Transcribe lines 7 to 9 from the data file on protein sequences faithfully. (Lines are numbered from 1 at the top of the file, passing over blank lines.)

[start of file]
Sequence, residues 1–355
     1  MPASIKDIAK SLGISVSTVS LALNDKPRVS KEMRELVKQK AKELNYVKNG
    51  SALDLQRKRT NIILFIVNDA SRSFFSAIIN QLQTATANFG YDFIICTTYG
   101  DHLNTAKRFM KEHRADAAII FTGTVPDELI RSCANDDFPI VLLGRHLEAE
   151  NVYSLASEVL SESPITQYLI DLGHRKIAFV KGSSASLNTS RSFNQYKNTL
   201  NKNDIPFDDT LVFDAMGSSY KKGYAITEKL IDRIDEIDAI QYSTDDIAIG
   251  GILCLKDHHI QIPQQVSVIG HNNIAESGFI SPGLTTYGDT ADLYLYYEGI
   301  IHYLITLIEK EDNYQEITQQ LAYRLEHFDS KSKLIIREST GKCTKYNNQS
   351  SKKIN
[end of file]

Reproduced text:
   251  GILCLKDHHI QIPQQVSVIG HNNIAESGFI SPGLTTYGDT ADLYLYYEGI
   301  IHYLITLIEK EDNYQEITQQ LAYRLEHFDS KSKLIIREST GKCTKYNNQS
   351  SKKIN